Aspirin "Lunch"by Damian Gadal is licensed under CC BY 2.0

Does Aspirin Reduce the Risk of Alzheimer’s Disease? Interview with:

Joanne Ryan, PhD Senior Research Fellow, ASPREE From the School of Public Health and Preventive Medicine Monash University Melbourne, Australia

Dr. Ryan

Joanne Ryan, PhD
Senior Research Fellow, ASPREE
From the School of Public Health and Preventive Medicine
Monash University
Melbourne, Australia What is the background for this study?

Response: Aspirin is a commonly used drug known to reduce inflammation, and prevent blood clotting (antiplatelet) – which is why it is commonly used in secondary prevention in individuals with established cardiovascular disease.

Inflammation is thought to be a central mechanism in Alzheimer’s disease, implicated in the neuropathological cascade leading to the development of dementia and other forms of dementia.

Cardiovascular risk factors and stroke are both associated with cognitive decline and an increased risk of dementia.

This formed the basis of the hypothesis that aspirin could be beneficial in helping to reduce cognitive decline and the occurrence of Alzheimer’s Disease. What are the main findings? 

Response: Unfortunately, the main findings of our study do not support this hypothesis.

Instead the results showed that among 19,114 older individuals over 5 years, those randomised to aspirin compared to placebo, did not have a reduced risk of developing Alzehimer’s disease.

Furthermore, aspirin and placebo groups did not show any differences in terms of milder losses of memory or thinking ability. What should readers take away from your report?

Response: This paper indicates that aspirin should not be prescribed solely on the basis of potential cognitive benefits as there is no evidence to suggest this, nor that low-dose aspirin could reduce the risk of Alzheimer’s disease. What recommendations do you have for future research as a result of this work?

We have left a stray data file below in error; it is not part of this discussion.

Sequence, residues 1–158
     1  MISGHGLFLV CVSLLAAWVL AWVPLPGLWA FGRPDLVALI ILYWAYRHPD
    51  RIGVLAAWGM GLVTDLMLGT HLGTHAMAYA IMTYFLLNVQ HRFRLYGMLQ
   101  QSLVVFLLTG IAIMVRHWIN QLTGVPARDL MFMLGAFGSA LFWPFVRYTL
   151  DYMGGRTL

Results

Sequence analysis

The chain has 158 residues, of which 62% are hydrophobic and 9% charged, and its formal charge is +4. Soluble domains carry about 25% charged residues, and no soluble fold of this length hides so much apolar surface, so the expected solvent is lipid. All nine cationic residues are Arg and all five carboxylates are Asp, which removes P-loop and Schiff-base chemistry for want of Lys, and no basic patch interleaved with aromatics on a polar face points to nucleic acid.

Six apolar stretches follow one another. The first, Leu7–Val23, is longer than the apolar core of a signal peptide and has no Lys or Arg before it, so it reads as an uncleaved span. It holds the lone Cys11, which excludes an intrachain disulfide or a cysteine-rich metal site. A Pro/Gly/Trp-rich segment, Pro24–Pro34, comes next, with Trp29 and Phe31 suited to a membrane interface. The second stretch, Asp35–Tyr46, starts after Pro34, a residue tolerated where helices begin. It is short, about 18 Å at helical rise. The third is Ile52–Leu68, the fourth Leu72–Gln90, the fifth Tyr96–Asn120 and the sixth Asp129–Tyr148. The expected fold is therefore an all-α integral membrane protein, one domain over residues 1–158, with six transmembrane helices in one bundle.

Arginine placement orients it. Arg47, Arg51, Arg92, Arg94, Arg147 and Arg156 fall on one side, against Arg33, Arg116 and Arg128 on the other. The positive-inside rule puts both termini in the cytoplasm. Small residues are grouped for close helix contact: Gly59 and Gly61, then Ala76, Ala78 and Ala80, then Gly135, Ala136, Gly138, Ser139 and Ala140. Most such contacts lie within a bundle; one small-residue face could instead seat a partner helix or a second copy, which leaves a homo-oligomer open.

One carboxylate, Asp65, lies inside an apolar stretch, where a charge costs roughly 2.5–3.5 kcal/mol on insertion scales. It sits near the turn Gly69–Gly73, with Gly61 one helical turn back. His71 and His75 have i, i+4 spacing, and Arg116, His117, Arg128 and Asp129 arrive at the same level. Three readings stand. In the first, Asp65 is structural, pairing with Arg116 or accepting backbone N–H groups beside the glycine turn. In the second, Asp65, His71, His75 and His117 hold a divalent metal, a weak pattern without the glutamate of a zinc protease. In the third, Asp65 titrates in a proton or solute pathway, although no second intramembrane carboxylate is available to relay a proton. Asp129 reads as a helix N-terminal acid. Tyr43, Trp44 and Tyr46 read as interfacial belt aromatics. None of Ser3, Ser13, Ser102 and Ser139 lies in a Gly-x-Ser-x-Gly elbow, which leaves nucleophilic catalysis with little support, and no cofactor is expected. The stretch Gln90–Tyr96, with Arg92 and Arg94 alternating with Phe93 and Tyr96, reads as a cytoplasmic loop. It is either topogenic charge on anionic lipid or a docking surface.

Response: The cognitive health of ASPREE participants is being tracked in the follow-up ASPREE-XT study to determine whether the benefits of aspirin may become apparent later on. Because dementia can take years to develop, it is possible that ASPREE was not a long enough trial to show possible benefits from aspirin, so we will continue to examine for long-lasting effects of aspirin in study participants in the coming years. The ASPREE participants were aged 65 years and older at the start of the trial. The findings therefore do not address the question of whether low-dose aspirin initiated at a younger age could be beneficial.  

I have nothing to disclose.


Joanne Ryan, Elsdon Storey, Anne M. Murray, Robyn L. Woods, Rory Wolfe, Christopher M. Reid, Mark R. Nelson, Trevor T.J. Chong, Jeff D. Williamson, Stephanie A. Ward, Jessica E. Lockery, Suzanne G. Orchard, Ruth Trevaks, Brenda Kirpach, Anne B. Newman, Michael E. Ernst, John J. McNeil, Raj C. Shah. Randomized placebo-controlled trial of the effects of aspirin on dementia and cognitive decline. Neurology, 2020; 10.1212/WNL.0000000000009277 DOI: 10.1212/WNL.0000000000009277



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Last Updated on March 28, 2020 by Marie Benz MD FAAD